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Jellicoe: The Grand Fleet
Chapter 12b - The Battle of Jutland


The Grand Fleet put to sea on May 30th for the purpose of carrying out one of its periodical sweeps in the North Sea. The orders from me under which the Fleet acted were as follows :

Vice-Admiral Sir Martyn Jerram, with the 2nd Battle Squadron from Cromarty, was directed to pass through a position in Lat. 58.15 N., Long. 2.0 E., and to meet the remainder of the Battle Fleet at 2 p.m. on the 31st at position (A) in Lat. 57.45 N., Long. 4.15 E.

Vice-Admiral Sir David Beatty, with the Battle Cruiser Fleet and the 5th Battle Squadron, was directed to proceed to a position in Lat. 56.40 N., Long. 5 E., economising fuel in the destroyers as much as possible; it was expected that he would be in that position by about 2 P.M. on the 31st, after which he was directed to stand to the northward to get into visual touch with the Battle Fleet.

The Iron Duke and the 1st and 4th Battle Squadrons, together with the 3rd Battle Cruiser Squadron, and the newly commissioned light cruisers Chester and Canterbury, which had been carrying out gunnery and torpedo practices at Scapa, left that base during the evening of May 30th, and proceeded towards position (A), Lat. 57.45 N., Long. 4.15 E., having met the 2nd Battle Squadron en route at 11.15 A.M. in Lat. 58.13 N., Long. 2.42 E. Sir David Beatty had been informed before sailing that the Battle Fleet would steer towards the Horn Reef from the position in Lat. 57.45 N., Long. 4.15 E.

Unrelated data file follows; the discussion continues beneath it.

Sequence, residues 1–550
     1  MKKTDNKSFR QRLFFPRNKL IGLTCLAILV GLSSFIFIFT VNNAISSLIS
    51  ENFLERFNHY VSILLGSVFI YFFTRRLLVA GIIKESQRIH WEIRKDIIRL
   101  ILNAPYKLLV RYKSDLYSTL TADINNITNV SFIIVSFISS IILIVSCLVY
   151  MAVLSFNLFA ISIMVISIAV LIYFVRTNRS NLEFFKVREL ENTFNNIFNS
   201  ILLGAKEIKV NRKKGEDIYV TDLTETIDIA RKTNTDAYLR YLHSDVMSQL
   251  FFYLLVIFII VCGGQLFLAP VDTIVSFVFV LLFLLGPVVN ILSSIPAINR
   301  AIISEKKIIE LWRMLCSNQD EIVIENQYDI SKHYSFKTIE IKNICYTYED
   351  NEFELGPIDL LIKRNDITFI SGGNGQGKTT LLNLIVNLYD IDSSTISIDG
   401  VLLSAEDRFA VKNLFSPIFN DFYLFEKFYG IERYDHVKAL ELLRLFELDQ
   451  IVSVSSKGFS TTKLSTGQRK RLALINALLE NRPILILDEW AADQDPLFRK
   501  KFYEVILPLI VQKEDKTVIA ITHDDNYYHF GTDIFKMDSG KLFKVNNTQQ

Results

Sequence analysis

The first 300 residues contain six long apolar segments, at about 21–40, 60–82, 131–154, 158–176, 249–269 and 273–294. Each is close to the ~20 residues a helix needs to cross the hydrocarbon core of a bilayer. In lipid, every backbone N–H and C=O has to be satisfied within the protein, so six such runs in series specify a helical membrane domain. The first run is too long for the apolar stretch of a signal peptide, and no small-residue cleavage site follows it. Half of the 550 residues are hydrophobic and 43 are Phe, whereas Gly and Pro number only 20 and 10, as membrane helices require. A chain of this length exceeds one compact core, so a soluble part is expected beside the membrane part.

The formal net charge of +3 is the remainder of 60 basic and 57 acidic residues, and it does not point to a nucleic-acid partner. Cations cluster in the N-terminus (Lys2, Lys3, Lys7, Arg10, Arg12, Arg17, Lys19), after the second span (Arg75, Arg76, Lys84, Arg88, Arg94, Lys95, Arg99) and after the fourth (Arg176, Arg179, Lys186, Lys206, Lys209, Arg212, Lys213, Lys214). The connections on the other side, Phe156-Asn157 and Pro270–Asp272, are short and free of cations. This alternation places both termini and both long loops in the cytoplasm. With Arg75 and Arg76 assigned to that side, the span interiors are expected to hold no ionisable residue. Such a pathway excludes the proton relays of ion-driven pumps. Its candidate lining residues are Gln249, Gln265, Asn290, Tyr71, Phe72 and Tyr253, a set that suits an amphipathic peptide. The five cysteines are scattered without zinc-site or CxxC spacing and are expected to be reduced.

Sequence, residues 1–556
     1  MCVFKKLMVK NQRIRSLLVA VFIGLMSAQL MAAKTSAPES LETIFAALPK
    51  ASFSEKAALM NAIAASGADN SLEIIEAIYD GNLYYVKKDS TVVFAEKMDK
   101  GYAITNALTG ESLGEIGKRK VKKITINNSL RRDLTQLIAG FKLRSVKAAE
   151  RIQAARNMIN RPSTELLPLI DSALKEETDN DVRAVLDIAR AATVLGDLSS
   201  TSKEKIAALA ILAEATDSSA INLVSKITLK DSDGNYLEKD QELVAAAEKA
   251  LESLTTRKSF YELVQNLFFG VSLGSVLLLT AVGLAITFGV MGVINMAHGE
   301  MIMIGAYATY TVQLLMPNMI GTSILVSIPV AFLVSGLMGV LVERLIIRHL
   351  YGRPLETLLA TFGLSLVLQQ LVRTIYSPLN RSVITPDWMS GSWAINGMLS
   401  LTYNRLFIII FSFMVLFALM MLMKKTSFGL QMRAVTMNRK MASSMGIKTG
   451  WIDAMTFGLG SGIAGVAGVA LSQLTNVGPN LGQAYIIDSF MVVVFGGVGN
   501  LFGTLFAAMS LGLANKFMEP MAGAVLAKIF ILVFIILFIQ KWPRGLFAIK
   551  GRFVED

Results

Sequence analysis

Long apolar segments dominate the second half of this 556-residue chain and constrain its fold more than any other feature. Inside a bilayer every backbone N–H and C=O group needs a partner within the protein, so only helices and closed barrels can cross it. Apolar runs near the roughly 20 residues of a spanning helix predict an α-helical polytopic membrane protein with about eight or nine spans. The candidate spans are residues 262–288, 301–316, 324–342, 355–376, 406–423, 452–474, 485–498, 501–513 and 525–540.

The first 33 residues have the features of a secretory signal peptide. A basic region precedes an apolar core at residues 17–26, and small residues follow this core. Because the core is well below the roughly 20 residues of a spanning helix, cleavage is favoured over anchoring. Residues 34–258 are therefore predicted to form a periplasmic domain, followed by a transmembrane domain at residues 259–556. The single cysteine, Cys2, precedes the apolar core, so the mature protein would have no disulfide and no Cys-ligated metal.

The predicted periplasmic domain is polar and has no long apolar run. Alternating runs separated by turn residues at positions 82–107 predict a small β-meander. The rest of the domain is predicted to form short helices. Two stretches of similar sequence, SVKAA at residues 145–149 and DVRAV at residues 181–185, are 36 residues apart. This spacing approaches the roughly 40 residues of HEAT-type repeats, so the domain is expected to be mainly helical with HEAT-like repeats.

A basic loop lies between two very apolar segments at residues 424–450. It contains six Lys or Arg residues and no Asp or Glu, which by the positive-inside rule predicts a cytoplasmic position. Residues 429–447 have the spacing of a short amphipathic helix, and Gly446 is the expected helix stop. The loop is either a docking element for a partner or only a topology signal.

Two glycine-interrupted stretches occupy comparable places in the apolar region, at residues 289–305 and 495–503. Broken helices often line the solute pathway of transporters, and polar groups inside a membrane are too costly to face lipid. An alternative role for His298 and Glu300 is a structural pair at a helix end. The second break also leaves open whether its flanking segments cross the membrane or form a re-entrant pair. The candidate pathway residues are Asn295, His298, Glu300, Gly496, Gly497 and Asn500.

At 2 P.M. on May 31st the Battle Fleet was about 18 miles to the north-westward of the position (A), being actually in Lat. 57.57 N., Long. 3.45 E., in organisation No. 5. The Fleet had been slightly delayed to enable the usual and necessary practice of examining trawlers and other vessels met with en route to be carried out without causing the examining vessels to expend unnecessary fuel in regaining station. We had to be on our guard against disguised enemy scouts. The divisions were in line ahead disposed abeam to starboard in the order: lst-6th Divisions (screened by the 4th, 11th, and 12th Flotillas) with the 4th Light Cruiser Squadron, three miles ahead of the Battle Fleet. The cruisers, with one destroyer to each cruiser, were stationed 16 miles ahead of the Battle Fleet, spread six miles apart on a line of direction N. 40 E. and S. 40 W. ;the cruisers being eight miles apart and their positions being in the order from cast to west :

(F.) (F.)
Cochrane Shannon Minotaur Defence Duke of Edinburgh Black Prince
Hampshire (linking ship 6 miles astern of the Minotaur)

The attached cruisers, the Active, Boadicea, Blanche, and Bellona, were on the flanks of the Battle Fleet, and the 3rd Battle Cruiser Squadron, with the light cruisers Chester and Canterbury, about 20 miles ahead, the whole steering S. 50 E., and zigzagging, the speed of advance being 14 knots.

The disposition of the Battle Fleet is shown below :

Line of Advance.
1st Div. 2nd Div 3rd Div. 4th Div. 5th Div. 6th Div.